Some more Windows acronyms explained

by Michael S. Kaplan, published on 2005/05/02 00:16 -04:00, original URI:

One of the good reasons to keep MSDN Blogs on the list of Blogs I Read is that a lot of stuff goes past my eyes via a FeedDemon radar. :-)

Though I have to admit that Feed Demon seemed to have some kind of memory leak problem when I ran it on Server 2003 SP1, one that no longer seems to repro now that I run it on XP SP2. I am now back to avoiding reboots when not installing software. I probably should have reported it but it did not occur to me that it was the only new program I had installed before requiring reboots every few days until it was too late.

Anyway, on to what I saw earlier....

I noticed on Brian Welcker's blog, (cleverly entitled Direct Reports), a fun post entitled Brotherhood.

In this post, he explained the meaning of CTP (Community Technology Preview), and explained the meaning of IDW, while not literally defining it. He said:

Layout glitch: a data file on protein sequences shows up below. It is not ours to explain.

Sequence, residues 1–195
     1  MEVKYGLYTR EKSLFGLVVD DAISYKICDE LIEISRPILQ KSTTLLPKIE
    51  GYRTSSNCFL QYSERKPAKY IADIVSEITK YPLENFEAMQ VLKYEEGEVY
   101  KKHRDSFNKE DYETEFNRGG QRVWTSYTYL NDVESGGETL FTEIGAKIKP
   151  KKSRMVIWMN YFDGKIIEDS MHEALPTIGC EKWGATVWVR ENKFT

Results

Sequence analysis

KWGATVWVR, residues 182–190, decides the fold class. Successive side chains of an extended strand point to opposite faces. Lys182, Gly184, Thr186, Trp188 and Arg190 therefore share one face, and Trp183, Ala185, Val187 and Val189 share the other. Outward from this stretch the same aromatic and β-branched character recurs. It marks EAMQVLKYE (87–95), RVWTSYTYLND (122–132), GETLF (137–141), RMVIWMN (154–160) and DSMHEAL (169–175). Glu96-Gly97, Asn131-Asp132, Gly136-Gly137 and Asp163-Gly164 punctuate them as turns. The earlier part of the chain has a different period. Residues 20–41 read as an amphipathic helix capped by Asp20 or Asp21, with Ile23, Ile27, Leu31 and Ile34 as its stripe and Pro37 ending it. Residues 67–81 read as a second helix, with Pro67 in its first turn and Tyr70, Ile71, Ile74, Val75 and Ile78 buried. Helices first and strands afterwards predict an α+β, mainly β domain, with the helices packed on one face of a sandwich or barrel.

While no one seems to know exactly what "IDW" stands for, it is an interim build that meets a set of criteria for release to a larger audience outside of the product testers. The frequency of IDWs depends on the team and varies from weekly IDWs to bi-monthly. While they are full interim builds of the product, until recently, IDWs rarely went outside of Microsoft, and if they did, only to a select set of customers.

I can clear up one mystery here, at least. According to Jack Mayo, IDW stands for:

Internal Developer Workstation - a build that has additional focus on it in order to make sure it meets a level of quality such that anyone at MS could use it as their main machine without too much pain.